Monday, May 21, 2007

27. Shutter Island by Dennis Lehane

Shutter Island pictureI had heard about Dennis Lehane because he is also one of the writer's for the best television series ever "The Wire". The producers chose writers for that show from people who wrote succesful genre fiction local to the urban northeast. Dennis Lehane's area of expertise is Boston.

However, Shutter Island, actually takes place on a small island outside of Boston. So it doesn't draw too much on local flavour. The island is home to a prison for the criminally insane. It's 1948 and two U.S. Marshals have been sent to the island because one of the patients has escaped. Things are weird right from the start, particularly how nobody seems all that freaked out. They get much weirder.

I am not going to go into any detail because I would say this book is good enough to recommend and part of the pleasure of the read is figuring out what is going on. Sometimes when you don't know what kind of a book a book is, what boundaries are acceptable given the genre and setting, you can be critical while you are reading it and then realize 50 pages later that what was going on was actually quite cool. Now, I don't like a book where you finish and then look back and think that was actually kind of interesting (this is even worse with movies). I want to be entertained while I am reading it and if I am constantly critical then I am not being entertained.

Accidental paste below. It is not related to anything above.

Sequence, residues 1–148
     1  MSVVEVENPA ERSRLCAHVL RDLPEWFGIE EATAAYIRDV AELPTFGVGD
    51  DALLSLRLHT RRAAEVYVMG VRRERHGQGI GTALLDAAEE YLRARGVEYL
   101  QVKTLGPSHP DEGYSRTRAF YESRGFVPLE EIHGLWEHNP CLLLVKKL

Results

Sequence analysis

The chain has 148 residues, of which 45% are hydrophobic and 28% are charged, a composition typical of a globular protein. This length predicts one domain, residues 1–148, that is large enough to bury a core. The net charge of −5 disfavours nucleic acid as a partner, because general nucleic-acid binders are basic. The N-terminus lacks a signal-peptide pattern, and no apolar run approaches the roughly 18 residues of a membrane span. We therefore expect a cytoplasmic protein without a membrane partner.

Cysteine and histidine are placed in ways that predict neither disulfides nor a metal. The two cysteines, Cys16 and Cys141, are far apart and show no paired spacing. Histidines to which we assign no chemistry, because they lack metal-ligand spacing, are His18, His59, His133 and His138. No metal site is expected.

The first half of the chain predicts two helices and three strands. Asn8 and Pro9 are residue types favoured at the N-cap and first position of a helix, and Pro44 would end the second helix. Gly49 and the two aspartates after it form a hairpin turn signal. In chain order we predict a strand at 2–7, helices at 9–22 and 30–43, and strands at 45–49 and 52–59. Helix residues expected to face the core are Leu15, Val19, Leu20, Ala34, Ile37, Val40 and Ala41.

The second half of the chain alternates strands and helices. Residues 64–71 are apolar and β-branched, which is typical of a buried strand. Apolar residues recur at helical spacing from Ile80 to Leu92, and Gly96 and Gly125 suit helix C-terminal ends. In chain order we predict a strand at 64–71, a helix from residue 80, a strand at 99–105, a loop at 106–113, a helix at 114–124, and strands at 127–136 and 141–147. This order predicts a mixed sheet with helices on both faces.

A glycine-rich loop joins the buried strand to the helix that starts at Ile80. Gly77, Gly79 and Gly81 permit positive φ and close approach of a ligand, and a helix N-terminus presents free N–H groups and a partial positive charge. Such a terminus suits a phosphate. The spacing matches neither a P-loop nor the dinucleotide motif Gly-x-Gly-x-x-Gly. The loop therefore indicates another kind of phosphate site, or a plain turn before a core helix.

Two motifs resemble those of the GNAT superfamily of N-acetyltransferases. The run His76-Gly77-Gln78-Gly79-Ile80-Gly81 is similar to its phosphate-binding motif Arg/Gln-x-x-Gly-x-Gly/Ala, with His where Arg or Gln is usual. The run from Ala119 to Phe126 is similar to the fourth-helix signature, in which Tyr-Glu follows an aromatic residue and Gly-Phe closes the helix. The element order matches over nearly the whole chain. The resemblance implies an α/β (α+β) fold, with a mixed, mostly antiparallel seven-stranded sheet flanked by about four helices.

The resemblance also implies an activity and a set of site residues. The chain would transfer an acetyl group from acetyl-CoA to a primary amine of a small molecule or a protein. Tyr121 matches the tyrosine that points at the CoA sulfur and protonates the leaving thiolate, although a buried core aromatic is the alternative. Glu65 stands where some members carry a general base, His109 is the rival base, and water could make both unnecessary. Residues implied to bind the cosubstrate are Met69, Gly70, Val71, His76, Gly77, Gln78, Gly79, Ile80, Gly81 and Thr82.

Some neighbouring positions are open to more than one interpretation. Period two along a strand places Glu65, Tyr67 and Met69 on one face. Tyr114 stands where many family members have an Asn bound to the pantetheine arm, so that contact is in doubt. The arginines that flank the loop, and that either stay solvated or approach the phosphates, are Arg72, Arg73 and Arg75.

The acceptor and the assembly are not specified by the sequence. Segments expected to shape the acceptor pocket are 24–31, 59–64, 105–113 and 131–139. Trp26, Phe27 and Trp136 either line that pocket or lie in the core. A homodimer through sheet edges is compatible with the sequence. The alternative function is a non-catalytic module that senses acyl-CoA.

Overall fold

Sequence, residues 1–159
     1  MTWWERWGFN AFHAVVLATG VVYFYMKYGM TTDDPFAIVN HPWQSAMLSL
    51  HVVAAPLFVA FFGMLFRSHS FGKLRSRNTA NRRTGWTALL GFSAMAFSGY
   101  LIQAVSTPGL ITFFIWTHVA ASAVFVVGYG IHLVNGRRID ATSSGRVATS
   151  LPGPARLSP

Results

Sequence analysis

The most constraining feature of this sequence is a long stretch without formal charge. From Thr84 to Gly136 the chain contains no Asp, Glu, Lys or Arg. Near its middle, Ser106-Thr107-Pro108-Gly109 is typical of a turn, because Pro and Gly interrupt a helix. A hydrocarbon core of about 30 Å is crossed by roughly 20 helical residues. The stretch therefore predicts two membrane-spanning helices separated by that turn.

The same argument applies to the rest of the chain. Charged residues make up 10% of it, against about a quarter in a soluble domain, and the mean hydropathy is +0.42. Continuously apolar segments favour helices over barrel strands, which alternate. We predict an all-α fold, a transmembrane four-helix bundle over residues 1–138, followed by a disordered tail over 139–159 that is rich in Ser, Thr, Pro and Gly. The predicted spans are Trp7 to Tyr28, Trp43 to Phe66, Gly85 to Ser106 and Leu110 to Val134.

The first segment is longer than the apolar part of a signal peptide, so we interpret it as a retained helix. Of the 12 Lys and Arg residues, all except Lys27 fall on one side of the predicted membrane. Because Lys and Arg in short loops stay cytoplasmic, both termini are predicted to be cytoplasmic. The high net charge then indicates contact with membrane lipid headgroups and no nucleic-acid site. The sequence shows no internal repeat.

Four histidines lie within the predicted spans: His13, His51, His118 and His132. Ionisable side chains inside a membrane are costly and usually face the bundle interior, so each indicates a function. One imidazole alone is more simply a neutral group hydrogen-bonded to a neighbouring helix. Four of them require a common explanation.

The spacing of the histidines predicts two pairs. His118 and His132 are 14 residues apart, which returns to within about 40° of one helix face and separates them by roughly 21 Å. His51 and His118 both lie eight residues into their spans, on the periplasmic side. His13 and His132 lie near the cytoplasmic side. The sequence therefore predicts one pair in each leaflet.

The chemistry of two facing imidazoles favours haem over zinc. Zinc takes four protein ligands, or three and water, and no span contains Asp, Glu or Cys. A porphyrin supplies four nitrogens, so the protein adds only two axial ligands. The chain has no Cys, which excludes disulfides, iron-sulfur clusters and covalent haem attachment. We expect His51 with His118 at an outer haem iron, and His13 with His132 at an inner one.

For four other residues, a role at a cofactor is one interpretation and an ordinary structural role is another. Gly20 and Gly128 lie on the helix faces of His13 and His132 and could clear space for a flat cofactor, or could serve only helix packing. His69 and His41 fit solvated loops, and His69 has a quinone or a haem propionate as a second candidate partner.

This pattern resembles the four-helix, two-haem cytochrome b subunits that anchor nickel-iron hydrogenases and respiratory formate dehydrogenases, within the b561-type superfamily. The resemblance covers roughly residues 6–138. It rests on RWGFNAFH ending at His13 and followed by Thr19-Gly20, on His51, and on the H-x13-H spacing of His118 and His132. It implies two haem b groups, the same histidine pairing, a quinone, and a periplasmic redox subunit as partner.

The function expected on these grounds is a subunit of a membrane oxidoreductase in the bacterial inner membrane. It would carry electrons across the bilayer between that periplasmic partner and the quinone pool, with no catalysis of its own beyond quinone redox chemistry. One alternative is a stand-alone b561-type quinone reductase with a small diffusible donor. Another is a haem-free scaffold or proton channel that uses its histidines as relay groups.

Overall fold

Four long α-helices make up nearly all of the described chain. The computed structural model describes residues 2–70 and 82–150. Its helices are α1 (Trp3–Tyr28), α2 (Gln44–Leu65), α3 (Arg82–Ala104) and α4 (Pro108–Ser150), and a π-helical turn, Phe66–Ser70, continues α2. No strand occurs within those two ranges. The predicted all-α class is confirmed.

Fortunately, this is not the case with Shutter Island. The characters are interesting, the dialogue gripping and the setting is fantastic. There is enough weirdness, action, intrigue and mystery to keep you hooked. There were some false spots and sometimes the writing was a bit too florid (a common problem even among the better American authors these days; sparsity, people, sparsity!). Overall, though, a great, quick read. Recommend it for the plane or the beach or a rainy day with nothing to do.

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